July 28th 2019
Over a decade on from the demise of Rilo Kiley, and on the back of her finest solo album, Jenny Lewis is finally the confident, dazzling and utterly magnetic performer that those of us who have followed her from the beginning knew she was destined to become.
Jenny Lewis arrives on stage tonight resplendent in a semi-beehive hairdo and a shimmering fishtail gold and emerald dress – sequins that take issue with the stage lights and send dazzling and indiscriminate patterns around the intimate walls of Manchester’s Royal Northern College of Music. She stands up on a box to command the audience, she slinks elegantly round the venue, she never once stops dancing. This is her space; we are welcome to visit so long as we enjoy and reciprocate. From shy indie pixie to 50s icon, the transformation in the way she holds herself is in many ways indicative of the about-turn that Lewis’s career and music has taken over the past decade. And tonight, on the back of her finest solo album to date, tonight she is a frontwoman of supreme character, quality and effortless class.
The aforementioned album – the magnificent On the Line – forms the backbone of tonight’s set. She opens with the same double-punch that we find on the record itself, first a tumbling, windswept and melancholic ‘Heads Gonna Roll’ and then into the glorious Doo-Wap sorrowful elegance of ‘Wasted Youth’ (still for me the finest single of the year thus far). There is a richness and a maturity to her voice these days – bound up in emotion, heartache and the lived experience. ‘Little White Dove’ is seductive and breathy, but a cursory listen to the lyrics tells a different story of “a mother and child emergency” and hints towards Lewis’s oft-fraught relationship with her late mother – a constant theme of the new album. ‘Hollywood Lawn’ is both measured and epic in scale – never giving itself fully up until the final chorus. ‘Party Clown’ showcases her unique ability to tell sordid tales and skim along the bottom of the dirty carpet, all the while keeping a unique sense of humour and bohemian bafflement. And the devastating end-of-relationship melancholy that infuses ‘Dogwood’ is amplified in the confines of the venue; so much that we feel we are listening to someone sat next to us on the piano – spilling their words and their wine in an attempt to make sense of the situation.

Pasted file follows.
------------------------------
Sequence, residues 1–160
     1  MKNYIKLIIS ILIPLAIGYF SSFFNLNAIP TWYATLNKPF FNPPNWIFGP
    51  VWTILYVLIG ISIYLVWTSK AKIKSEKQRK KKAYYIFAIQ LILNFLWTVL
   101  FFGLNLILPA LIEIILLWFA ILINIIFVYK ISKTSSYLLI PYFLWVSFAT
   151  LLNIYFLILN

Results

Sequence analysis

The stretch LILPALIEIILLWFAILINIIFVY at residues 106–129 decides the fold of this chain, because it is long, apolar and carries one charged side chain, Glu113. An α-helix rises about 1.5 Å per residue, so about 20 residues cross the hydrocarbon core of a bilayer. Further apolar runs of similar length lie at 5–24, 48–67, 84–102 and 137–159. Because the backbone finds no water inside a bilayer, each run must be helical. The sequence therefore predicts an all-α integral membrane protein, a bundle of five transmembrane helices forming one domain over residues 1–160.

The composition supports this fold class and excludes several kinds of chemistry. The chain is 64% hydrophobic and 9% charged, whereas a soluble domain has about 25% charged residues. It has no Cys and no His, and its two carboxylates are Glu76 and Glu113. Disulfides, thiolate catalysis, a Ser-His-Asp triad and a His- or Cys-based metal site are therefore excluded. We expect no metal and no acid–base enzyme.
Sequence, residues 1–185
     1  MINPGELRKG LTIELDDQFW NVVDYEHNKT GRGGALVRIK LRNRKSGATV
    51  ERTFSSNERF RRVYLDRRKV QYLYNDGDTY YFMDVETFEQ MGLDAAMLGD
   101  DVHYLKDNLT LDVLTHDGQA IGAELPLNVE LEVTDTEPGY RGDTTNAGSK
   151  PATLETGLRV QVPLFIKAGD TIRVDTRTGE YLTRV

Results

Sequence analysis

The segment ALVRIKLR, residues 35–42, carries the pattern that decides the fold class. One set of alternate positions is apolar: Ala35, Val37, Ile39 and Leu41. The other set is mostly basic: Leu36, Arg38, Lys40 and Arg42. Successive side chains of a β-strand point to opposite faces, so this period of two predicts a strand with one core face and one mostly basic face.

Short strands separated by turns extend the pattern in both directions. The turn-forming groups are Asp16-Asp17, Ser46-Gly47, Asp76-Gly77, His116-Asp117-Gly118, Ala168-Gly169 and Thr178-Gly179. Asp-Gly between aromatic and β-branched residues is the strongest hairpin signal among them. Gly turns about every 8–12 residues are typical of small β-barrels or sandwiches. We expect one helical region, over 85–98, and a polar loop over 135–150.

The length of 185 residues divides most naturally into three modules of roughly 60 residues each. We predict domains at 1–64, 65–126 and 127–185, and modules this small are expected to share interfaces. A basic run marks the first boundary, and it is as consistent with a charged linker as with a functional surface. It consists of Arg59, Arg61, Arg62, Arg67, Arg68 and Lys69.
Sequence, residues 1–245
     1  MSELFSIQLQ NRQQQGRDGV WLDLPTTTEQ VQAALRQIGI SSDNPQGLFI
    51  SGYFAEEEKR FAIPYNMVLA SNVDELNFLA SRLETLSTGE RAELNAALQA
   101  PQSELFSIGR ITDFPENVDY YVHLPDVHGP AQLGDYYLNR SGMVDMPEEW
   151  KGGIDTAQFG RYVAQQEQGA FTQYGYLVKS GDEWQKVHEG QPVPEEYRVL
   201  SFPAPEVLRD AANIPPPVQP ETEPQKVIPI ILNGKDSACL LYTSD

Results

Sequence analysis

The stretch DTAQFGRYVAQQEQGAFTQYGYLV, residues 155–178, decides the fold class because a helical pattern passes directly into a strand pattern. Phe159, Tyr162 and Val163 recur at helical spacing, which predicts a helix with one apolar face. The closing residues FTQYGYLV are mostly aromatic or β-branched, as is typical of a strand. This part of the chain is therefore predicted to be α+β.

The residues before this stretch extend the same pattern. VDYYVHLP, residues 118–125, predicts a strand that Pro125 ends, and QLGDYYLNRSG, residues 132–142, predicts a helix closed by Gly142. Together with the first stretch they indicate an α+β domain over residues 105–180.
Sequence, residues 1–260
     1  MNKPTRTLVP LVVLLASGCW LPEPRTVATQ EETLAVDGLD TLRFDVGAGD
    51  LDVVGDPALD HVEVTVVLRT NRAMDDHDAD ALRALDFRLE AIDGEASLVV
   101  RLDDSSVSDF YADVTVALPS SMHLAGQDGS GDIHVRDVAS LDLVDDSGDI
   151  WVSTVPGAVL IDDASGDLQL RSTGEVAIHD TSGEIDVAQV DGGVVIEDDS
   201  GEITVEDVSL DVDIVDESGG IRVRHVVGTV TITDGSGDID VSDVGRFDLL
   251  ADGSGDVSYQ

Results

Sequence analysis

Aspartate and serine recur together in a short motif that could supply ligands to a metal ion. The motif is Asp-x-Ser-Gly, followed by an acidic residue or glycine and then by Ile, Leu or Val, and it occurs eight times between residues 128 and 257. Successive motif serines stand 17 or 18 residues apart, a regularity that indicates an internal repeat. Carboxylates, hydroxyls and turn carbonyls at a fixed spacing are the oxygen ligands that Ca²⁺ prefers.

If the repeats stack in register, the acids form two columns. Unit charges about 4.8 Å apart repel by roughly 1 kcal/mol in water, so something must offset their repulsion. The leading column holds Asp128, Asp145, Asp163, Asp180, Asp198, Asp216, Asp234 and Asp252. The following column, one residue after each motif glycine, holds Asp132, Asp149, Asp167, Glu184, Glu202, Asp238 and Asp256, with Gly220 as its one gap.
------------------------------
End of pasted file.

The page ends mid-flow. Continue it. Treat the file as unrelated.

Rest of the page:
Elsewhere, we get three songs from her superb and oft-underrated 2006 album Rabbit Fur Coat with The Watson Twins – a delicate ‘Happy’, a Nashville train-rhythm ‘The Big Guns’ and the Stax-esque ‘Born Secular’ together with an exquisite ‘See Fernando’ from 2008’s Acid Tongue record. Her band are sublime: supplanted by a three-piece string section for several tracks and always effortlessly excellent and economic in their playing – providing the sinewy and multi-layered platform to let Lewis and her voice take flight. During ‘Little White Dove’ a multitude of balloons are released into the audience which results in a contest between audience, band, singer and (at one point) sound engineer to either pop them or keep them going. But all eyes remain on Lewis – confident, resplendent and in the finest form of her life.
She is funny and erudite in her stage banter – at one point asking the audience to turn and make friends with the person next to them, including introducing herself with an unsuspecting fan in the front row. The whole thing carries the elegance and delicate fortitude of a performer absolutely sure of herself and her music. And right at the end, to bring things to the most magical conclusion, we get a nod to where it all began with an utterly mesmeric and devastatingly poignant version of Rilo Kiley’s ‘With Arms Outstretched’. At the close of the song, Lewis steps away from the microphone and into the centre of the arena – conducting us all in hushed and choked whispers as she imparts the words “And some days they last longer than others / But this day by the lake went too fast” acapella to the crowd. With just her and her guitarist in this tiny venue, the song takes on the most wonderful depth and emotion – the hues of sorrow and time floating around our heads. And she is correct. Only it wasn’t “that day by the lake that went too fast” – it was the hour and a half that simply flew by here in the most sumptuous of company. Seventeen years on from the release of that particular song, Jenny Lewis is finally being given the platform she deserves for her unique, rare and special talents. And on the evidence of tonight, that is a platform she is going to stay on in all her glittering, glorious and ragged-hearted glory.
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Words by David Edwards, you can read more of David’s writing for Louder Than War in his archive